• F23COMBUSTION APPARATUS; COMBUSTION PROCESSES
    • F23RGENERATING COMBUSTION PRODUCTS OF HIGH PRESSURE OR HIGH VELOCITY, e.g. GAS-TURBINE COMBUSTION CHAMBERS
    • F23R3/00Continuous combustion chambers using liquid or gaseous fuel
    • F23R3/28Continuous combustion chambers using liquid or gaseous fuel characterised by the fuel supply
    • F23R3/286Continuous combustion chambers using liquid or gaseous fuel characterised by the fuel supply having fuel-air premixing devices
    • FMECHANICAL ENGINEERING; LIGHTING; HEATING; WEAPONS; BLASTING
    • F23COMBUSTION APPARATUS; COMBUSTION PROCESSES
    • F23RGENERATING COMBUSTION PRODUCTS OF HIGH PRESSURE OR HIGH VELOCITY, e.g. GAS-TURBINE COMBUSTION CHAMBERS
    • F23R3/00Continuous combustion chambers using liquid or gaseous fuel
    • F23R3/28Continuous combustion chambers using liquid or gaseous fuel characterised by the fuel supply
    • F23R3/34Feeding into different combustion zones
    • F23R3/343Pilot flames, i.e. fuel nozzles or injectors using only a very small proportion of the total fuel to insure continuous combustion

Abstract

A fuel injector assembly includes a fuel injector that provides fuel to be mixed with air for ignition in a combustor. The fuel injector assembly includes a fuel shroud and a plurality of spanning members. The spanning members are spaced circumferentially on the fuel shroud between the fuel shroud and a base plate assembly, which supports the fuel injector assembly within the combustor. The spanning members space the fuel shroud from the base plate assembly such that an annular gap is formed therebetween. The gap permits a flow of purge air therethrough to be mixed with compressed air entering the fuel shroud and with fuel provided by the fuel injector. The spanning members comprise elongate members having upstream ends that are circumferentially offset from opposed downstream ends so that the spanning members provide tangential velocity to the purge air flowing through the annular gap.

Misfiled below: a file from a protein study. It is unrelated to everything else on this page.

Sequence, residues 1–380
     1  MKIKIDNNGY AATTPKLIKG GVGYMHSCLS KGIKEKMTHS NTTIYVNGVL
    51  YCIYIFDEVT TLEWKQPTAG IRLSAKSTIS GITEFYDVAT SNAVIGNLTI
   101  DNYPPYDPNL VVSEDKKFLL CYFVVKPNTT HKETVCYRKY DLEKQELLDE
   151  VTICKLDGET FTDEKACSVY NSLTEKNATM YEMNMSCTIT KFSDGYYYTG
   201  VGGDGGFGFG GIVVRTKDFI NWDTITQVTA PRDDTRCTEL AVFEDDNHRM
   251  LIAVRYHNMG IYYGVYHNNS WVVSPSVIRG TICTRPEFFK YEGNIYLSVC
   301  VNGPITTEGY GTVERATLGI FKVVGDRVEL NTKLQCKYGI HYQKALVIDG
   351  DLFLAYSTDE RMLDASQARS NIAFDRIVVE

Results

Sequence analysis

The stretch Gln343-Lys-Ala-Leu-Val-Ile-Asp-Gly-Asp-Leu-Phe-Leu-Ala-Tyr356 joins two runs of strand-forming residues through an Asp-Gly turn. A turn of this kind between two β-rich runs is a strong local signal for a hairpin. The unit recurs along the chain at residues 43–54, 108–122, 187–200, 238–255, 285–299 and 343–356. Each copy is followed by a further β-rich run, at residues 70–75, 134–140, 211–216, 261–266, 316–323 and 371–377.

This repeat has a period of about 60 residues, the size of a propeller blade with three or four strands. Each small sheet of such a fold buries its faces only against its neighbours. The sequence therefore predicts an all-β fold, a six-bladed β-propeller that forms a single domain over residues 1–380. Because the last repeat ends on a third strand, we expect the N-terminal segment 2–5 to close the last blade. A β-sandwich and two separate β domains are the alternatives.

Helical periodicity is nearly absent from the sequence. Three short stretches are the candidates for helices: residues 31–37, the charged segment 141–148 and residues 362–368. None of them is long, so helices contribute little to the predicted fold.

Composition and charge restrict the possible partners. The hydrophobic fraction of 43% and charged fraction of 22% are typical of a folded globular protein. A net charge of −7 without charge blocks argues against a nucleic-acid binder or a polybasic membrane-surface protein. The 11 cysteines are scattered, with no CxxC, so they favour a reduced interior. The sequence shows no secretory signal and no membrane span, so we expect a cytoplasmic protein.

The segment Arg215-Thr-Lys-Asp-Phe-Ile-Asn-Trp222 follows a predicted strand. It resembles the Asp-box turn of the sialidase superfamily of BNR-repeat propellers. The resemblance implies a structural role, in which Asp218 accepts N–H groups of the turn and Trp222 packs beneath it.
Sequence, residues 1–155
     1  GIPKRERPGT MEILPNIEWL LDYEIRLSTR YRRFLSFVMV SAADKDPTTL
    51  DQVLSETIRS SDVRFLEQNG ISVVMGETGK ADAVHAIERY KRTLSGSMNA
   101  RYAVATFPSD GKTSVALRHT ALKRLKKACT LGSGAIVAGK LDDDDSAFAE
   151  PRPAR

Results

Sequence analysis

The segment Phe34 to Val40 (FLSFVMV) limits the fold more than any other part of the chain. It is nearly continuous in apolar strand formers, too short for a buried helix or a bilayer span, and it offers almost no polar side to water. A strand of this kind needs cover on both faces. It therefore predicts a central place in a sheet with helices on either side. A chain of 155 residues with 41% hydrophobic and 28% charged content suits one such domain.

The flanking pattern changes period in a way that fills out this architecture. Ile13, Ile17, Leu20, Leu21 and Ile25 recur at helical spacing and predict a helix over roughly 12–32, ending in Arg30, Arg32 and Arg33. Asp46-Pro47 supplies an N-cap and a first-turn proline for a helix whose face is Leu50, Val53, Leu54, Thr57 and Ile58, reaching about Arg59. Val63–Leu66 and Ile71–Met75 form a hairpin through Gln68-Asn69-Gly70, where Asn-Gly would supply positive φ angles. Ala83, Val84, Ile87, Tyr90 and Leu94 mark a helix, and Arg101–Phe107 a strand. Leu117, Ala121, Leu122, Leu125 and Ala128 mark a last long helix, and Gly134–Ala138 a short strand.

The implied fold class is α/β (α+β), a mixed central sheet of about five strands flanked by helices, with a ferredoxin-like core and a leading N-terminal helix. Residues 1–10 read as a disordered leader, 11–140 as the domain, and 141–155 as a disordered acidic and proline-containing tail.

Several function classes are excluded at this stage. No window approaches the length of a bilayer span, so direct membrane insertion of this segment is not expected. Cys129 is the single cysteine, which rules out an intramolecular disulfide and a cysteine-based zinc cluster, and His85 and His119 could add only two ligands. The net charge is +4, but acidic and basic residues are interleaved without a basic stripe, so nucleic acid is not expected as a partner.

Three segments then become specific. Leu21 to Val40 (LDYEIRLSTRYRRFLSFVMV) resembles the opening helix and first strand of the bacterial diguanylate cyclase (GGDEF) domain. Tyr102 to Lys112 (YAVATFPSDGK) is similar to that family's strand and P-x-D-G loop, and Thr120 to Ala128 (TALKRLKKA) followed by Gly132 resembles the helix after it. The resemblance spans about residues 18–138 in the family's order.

Description

    FIELD OF THE INVENTION
  • The present invention relates to a combustor in a gas turbine engine, and more particularly, to a combustor including a flashback resistant fuel injector system.
  • BACKGROUND OF THE INVENTION